actually, your batteries are ALWAYS being used, since, of course, you have many, many 12v items within your coach that you are using, whether or not you are plugged in. These 12v items draw directly from the battery bank, even though the Converter is also Charging the batteries at the same time. It's an 'off-setting' effect, but the batteries are still going thru the draw and charge cycle constantly.

If your coach does not have the capability of allowing the Alternator to also charge the battery bank while driving, then your batteries are not being charged while driving, giving you a lower overall battery level when you arrive, depending on how long it's been since you 'un-plugged'.

Crank your generator and CHARGE your batteries - you'll be fine then for your overnight.
__________________

The Turners
'14 Thor Palazzo 33.3 diesel
KingTailgater2 Dish, 100w/5amps roof SOLAR, BlueOx, 100,000+mi since '14... US, Alaska, and Canada... from W.C. Georgia, then W. North Carolina, now Lacey's Spring, AL : )
formerFR is offline   Reply With Quote
Old 04-10-2019, 07:29 AM   #7
Lacey's Spring, AL
 
formerFR's Avatar
 
Join Date: Jan 2017
Location: Lacey's Spring, AL
Posts: 2,400
... with the XL version of your Georgetown(we had the same 2015 model back in 2014), the Inverter will also draw down the battery bank if providing for your residential fridge when traveling, as well as any outlets that you are using.

If your coach has a Magnum inverter, and a Magnum or similar AGS(auto generator starter), you can set it to crank your generator automatically when the battery bank level gets to 12.0 volts, whether while traveling or during overnights.
formerFR is offline   Reply With Quote
Old 04-10-2019, 07:47 AM   #8
Senior Member
 
Join Date: Mar 2012
Posts: 523
I would think you should be seeing over 14 volts either from your alternator when on the road or your converter.
__________________
DYNAMAX 2016 FORCE HD
houstonstroker is offline   Reply With Quote
Old 04-10-2019, 08:18 AM   #9
Senior Member
 
Join Date: Nov 2017
Location: Dayton Ohio
Posts: 1,102
Many possibilities.

One bad cell in one battery can do this. Cells can be checked with a tester or at auto places.

Regardless, you should park with the batteries reading well over 13 volts. One night should be no big deal. Two could be an issue with a residential fridge. Some of them use a ton of power. I would guess you have 200 amps available or less. That is 2200 watts with an inverter. There is a 10-20% power loss.

I would watch your battery bank voltage like a hawk.

Learn how it operates. The key to finding the issue. Just too many possibilities. Some coaches are mis wired and the inverter tries to recharge the batteries!

Finding stupid stuff like that is hard. Be patient.

My volt meter records and saves data. That would help.

Your converter should charge at 3-4 different voltages.

Not enough information.

I would get the gismo to check cells.

Then after being plugged in several days, disconnect the rv for 24 hours and record voltage hourly and see what is going on. My battery monitor for $40 has recording. Graph.

Find the usage of the fridge. RV companies have used some, poorly selected units. Power hogs. This could be the issue. A 500 watt fridge could wipe a battery bank out pretty quick in warm weather.
tomkatb is offline   Reply With Quote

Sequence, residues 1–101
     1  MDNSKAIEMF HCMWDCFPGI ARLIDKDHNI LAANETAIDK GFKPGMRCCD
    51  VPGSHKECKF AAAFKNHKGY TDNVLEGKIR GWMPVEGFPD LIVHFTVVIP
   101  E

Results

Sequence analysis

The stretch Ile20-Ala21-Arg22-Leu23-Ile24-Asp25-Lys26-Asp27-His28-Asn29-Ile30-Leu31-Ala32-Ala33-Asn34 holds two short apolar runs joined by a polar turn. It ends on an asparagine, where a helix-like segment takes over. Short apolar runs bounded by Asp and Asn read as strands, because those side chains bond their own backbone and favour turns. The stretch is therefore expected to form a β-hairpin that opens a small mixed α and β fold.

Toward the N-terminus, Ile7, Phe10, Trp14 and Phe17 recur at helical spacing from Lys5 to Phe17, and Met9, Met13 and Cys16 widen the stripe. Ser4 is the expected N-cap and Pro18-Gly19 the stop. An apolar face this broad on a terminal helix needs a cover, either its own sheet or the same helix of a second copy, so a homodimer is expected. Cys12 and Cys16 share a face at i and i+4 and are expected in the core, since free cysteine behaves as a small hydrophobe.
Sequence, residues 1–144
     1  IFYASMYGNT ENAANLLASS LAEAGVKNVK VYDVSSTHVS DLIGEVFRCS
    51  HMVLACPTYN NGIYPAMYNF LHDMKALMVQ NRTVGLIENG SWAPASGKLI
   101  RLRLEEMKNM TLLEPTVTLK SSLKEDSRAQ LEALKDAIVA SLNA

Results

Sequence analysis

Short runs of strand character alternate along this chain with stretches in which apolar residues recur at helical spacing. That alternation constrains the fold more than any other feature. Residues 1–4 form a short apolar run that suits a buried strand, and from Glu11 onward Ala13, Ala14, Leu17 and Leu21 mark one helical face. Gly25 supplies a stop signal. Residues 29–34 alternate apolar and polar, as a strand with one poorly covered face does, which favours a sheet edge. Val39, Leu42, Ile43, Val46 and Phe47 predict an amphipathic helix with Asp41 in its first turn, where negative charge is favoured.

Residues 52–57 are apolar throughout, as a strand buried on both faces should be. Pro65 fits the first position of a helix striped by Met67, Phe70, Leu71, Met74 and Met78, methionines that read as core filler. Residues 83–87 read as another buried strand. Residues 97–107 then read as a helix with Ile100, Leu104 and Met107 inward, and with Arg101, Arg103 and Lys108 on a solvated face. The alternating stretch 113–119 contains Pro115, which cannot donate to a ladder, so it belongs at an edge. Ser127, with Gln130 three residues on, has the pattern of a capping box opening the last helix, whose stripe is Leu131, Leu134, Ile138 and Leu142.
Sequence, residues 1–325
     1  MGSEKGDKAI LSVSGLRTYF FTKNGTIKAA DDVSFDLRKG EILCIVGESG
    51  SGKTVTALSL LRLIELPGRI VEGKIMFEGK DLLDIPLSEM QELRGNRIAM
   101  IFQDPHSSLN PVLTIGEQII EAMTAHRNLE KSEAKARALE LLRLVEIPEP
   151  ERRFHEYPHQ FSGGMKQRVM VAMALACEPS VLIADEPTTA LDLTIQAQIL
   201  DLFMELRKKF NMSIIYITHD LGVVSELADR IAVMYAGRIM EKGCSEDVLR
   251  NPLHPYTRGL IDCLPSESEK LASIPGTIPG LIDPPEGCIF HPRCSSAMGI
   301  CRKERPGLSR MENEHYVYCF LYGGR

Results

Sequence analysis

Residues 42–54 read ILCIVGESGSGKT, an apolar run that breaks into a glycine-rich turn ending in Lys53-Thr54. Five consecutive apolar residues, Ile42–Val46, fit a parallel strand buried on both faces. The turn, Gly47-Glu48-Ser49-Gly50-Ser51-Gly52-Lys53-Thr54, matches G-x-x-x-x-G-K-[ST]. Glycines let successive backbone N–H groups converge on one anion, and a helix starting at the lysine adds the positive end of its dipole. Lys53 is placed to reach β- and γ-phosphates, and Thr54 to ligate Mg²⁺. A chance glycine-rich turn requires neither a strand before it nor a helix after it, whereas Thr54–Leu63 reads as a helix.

Old 04-10-2019, 08:35 AM   #10
Senior Member
 
360true's Avatar
 
Join Date: Jun 2013
Posts: 599
All good info. My alternator does charge batteries while driving.

Another thought. The meter from the inverter (Freedom X by Xantrex) always reads .5 volts less than the battery meter. Is this normal?

Will try the 24 hour monitor or until my batteries get down to 11.9. don't think it will take very long.

Why do batteries for in a year of properly charged and kept watered?
__________________
2014 Georgetown 378 XL
Toyota Prius on dolly.
Full time since 2014
360true is offline   Reply With Quote
Old 04-10-2019, 10:58 AM   #11
Lacey's Spring, AL
 
formerFR's Avatar
 
Join Date: Jan 2017
Location: Lacey's Spring, AL
Posts: 2,400
by what you're saying, the Inverter's readout is .5 volts below what you are reading at the batteries - which would make the 12.1 essentially 12.6 volts, which is not far off a 'full' 12.8 volts. While traveling, though, you could easily be using more output than your Alternator is providing for charging input, leaving you slightly lower when you arrive after driving.
I don't think your batteries are any issue, you may be overthinking it, especially since you 'rarely' are unplugged anyway.

I would simply run the generator for an hour after arriving, and see if that easily takes you through the rest of the overnight hours. You can use the generator run time to make dinner, microwave, or even allow the electric water heater to heat up water for later showers.
__________________

The Turners
'14 Thor Palazzo 33.3 diesel
KingTailgater2 Dish, 100w/5amps roof SOLAR, BlueOx, 100,000+mi since '14... US, Alaska, and Canada... from W.C. Georgia, then W. North Carolina, now Lacey's Spring, AL : )
formerFR is offline   Reply With Quote
Old 04-10-2019, 12:34 PM   #12
Senior Member
 
Join Date: May 2013
Location: Whitehouse, Texas
Posts: 1,057
You are doing everything you you need to be doing.
I am assuming you are reading those voltages as soon as you stop at Walmart.
Things to check would be:
With the motor running check to make sure you are getting over 12.5 volts with properly charged batteries and up to 13.5 volts when they are low on voltage.